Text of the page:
I'm hoping that it catches you by surprise, and that you're not expecting this. It's definitely a misdirect, and we're taking advantage of that moment where people are naturally going to be rooting for them to get out, because they're the protagonists even though they're these bad guys. You can't help but root for the guys getting out on some level, and I think intellectually, the audience knows they're bad guys, but the hope was to punch you in the stomach a little bit and really confuse you.

That's beside the fact of actually having this misdirect, for the first 10 minutes of the episode, that you really would not know what you're looking at, and then when you see that, it would jar you and then hopefully confuse you as an audience, because that's how I feel when I think about these guys. I'm amazed at what David Sweat did, the engineering feat, the technical ability he had to get out, but he also was in prison for murder.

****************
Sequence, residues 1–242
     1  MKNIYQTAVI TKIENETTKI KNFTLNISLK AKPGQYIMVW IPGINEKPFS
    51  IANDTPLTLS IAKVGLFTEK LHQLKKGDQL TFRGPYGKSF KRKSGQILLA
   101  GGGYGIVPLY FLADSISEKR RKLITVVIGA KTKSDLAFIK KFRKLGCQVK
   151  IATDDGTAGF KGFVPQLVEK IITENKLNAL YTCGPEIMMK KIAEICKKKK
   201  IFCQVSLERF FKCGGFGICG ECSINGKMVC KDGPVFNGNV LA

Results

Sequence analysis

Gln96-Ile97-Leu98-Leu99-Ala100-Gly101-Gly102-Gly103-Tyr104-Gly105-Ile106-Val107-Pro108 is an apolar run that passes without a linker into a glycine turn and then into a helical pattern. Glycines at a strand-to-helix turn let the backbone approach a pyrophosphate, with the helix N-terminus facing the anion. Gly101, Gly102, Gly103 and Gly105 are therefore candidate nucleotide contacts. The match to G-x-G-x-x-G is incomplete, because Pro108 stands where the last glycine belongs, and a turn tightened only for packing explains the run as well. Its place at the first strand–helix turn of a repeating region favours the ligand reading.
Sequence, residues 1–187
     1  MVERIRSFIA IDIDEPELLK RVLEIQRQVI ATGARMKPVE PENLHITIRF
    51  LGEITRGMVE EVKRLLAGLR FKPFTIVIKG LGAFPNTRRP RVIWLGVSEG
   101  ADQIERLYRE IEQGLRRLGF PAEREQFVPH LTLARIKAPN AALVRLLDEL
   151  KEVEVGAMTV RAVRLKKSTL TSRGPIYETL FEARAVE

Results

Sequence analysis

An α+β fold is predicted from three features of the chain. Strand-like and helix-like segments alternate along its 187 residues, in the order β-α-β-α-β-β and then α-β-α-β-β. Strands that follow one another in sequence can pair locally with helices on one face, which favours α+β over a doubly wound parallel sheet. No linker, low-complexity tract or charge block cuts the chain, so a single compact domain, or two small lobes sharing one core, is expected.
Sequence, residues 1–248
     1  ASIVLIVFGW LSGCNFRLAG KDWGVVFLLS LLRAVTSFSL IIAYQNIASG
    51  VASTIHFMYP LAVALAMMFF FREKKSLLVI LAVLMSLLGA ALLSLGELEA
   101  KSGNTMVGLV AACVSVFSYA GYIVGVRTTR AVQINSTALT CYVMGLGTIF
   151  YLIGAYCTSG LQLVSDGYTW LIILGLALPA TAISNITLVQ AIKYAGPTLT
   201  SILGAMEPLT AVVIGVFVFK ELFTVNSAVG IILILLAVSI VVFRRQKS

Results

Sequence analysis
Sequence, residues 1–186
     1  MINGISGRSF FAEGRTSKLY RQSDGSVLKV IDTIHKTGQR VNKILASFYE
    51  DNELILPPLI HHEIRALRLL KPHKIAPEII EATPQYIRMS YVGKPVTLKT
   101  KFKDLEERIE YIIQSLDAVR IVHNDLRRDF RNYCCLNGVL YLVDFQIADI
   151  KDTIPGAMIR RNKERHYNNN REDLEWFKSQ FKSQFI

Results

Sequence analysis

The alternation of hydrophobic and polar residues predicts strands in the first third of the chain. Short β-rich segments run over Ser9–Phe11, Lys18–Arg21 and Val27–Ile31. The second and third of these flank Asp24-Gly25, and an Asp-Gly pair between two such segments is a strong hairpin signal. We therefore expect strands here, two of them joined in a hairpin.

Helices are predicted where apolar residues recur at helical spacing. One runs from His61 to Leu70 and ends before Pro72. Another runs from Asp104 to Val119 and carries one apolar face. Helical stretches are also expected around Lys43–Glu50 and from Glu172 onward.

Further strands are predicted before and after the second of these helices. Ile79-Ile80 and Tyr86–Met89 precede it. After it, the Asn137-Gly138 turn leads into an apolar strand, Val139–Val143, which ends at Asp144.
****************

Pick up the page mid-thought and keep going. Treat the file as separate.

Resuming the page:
You think about these guys and you think, "Well, of course I'd want to get out of jail if I was in there too," but who are these people? What's the reality? Are they people that are worthy of any sympathy at all because they're human beings? That's what I think is fun as an audience to experience and not be told what to feel.

I'm curious where it fit in the production schedule and how it felt different from the episodes that went chronologically.

We had a very strange production schedule on this show. By the time it all got together and we were ready to shoot, we had to start shooting in late August, we had to capture the last episode, really basically everything in the Adirondacks, before the leaves turned, so we start shooting the whole thing backwards, and then finally ended in the winter to shoot most of the exteriors for the first episode.